There was a recent article in the New York Times that talked about driverless cars and how they would impact city revenues. The article made an interesting point that city and county governments could be greatly impacted as driverless cars are introduced into the market. The article points to the fact that cities use traffic tickets and parking tickets as a large revenue source. Essentially, the cities are fleecing citizens by giving them tickets.
In thinking about this article I am drawn to three features of driverless cars and how they might impact the court system in Colorado:
- Reduced traffic crimes
- Reduced drug crimes
- The end of DUI
The changes that driverless cars would create are substantial. Perhaps the most important is the reduction in traffic crimes. Currently, insurance companies, civil lawyers, doctors, and the government all fill their pockets with money from auto accidents and traffic incidents. With driverless cars, these markets would either dry up or have to substantially change. In other words, the day of the ambulance chasing attorney are coming to an end. I am sure there will be a few sad people as a result, but I, for one, am looking forward to the change.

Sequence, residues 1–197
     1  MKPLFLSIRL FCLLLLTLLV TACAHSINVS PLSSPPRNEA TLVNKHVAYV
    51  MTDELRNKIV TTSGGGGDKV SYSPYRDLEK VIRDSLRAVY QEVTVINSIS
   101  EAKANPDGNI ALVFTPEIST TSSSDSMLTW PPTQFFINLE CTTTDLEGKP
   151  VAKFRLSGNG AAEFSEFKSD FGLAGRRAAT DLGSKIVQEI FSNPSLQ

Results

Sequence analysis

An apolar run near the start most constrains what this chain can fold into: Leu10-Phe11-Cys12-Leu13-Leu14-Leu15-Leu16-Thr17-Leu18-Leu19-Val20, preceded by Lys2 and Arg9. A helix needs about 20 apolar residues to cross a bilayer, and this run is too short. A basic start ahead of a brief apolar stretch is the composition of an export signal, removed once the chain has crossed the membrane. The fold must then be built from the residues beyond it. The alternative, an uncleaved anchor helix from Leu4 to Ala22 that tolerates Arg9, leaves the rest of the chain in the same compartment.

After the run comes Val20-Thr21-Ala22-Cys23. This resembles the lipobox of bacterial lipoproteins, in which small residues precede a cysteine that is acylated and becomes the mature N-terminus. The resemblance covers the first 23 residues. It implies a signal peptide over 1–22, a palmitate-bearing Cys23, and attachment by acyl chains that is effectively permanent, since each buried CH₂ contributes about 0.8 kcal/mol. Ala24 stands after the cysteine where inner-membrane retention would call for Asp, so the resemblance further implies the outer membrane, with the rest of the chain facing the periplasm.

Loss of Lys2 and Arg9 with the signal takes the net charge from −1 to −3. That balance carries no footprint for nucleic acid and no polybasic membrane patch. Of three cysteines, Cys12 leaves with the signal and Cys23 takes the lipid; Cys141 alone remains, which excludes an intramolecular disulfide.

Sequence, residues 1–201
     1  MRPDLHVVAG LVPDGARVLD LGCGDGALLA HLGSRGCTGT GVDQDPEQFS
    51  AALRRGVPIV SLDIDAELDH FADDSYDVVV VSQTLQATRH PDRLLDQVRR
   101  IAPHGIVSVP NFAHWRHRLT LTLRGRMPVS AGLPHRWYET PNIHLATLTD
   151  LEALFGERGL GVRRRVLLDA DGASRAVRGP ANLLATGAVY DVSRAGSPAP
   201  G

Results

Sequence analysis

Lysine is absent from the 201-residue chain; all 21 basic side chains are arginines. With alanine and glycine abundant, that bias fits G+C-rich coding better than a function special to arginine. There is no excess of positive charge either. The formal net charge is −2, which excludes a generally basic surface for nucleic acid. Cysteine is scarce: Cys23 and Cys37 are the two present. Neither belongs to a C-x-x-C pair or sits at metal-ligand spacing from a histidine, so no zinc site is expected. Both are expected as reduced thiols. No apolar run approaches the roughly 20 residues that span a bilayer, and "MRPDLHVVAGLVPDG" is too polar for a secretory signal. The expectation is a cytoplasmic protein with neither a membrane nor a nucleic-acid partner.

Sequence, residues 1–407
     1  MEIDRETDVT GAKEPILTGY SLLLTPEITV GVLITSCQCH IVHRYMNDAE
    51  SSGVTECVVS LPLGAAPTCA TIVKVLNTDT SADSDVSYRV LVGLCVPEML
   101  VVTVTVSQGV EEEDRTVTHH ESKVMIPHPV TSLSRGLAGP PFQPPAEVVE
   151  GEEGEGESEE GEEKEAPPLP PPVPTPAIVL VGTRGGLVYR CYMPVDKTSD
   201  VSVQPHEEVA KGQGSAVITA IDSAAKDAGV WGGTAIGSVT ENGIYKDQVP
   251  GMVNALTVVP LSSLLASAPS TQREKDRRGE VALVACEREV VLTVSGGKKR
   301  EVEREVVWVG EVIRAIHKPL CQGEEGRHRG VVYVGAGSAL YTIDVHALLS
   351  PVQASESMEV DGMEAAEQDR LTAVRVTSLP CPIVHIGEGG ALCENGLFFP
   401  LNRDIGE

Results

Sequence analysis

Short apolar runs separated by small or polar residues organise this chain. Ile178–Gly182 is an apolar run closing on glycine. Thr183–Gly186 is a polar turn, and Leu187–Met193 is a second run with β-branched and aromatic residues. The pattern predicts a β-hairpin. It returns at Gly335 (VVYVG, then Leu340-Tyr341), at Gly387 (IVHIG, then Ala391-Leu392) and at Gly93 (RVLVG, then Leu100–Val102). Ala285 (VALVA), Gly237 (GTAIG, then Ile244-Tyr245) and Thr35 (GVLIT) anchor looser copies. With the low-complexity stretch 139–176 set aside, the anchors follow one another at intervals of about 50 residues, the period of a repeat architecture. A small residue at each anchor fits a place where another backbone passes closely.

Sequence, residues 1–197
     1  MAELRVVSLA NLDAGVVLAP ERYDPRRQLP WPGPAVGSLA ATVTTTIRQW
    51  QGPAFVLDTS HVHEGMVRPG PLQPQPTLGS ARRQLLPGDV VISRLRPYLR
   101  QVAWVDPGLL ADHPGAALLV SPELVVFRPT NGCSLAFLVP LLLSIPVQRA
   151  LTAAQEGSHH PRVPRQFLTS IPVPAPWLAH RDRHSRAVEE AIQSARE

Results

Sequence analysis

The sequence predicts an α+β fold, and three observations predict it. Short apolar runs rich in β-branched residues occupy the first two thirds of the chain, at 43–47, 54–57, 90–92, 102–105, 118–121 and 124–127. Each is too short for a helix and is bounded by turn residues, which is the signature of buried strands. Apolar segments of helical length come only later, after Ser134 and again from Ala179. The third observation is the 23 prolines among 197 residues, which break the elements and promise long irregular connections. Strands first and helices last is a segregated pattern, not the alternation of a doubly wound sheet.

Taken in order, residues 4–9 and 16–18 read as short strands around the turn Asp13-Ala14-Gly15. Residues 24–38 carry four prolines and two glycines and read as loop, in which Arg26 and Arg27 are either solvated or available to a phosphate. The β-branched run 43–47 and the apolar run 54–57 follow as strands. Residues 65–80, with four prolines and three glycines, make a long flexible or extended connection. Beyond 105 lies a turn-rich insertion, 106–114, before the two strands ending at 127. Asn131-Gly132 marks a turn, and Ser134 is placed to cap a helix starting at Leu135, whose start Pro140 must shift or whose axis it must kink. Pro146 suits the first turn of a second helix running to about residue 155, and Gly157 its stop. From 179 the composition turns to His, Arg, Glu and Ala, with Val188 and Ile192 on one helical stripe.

A more nuanced feature of driverless cars is that their perfection will take away a police officer’s ability to conduct vehicle searches through the use of pretextual stops. The most common way to conduct a search of a vehicle today (and one of the primary ways that police find drug offenders) is for an officer to pull over a suspected person for a traffic violation (or for what the officer says is a traffic violation). Following the traffic violation, the officer either searches the car for “officer safety” or conducts an “inventory search”. This gives the officer the opportunity to tear through the person’s car, looking for anything that might be related to drug activity. In Colorado, it does not matter how minor the traffic incident is, it almost always gives the officer the opportunity to conduct a fishing expedition to try to find anything drug related on your person or in your car. Ultimately, the police will no longer be able to conduct these drug searches without the pretext of a traffic violation.
Another interesting change is that there will no longer be the crimes of DUI, Vehicular Assault, or Vehicular Homicide in Colorado. This would be an excellent change as people would be allowed to live their lives again without police saying they cannot drink. It will also keep our society safe from a potentially dangerous drunk driver.
I am looking forward to a day when the billboards of personal injury lawyers are taken down, where police cannot violate someone’s constitutional rights because of a dubious traffic violation, and knowing that I am safe on the road, regardless of how much I or someone else has had to drink.
As for the city’s revenues, well, tough luck. The Golden Goose had to end at some point.
The information in this post is for informational purposes only and should not be construed as legal advice or as the creation of an attorney-client relationship. For legal advice, please contact an Attorney.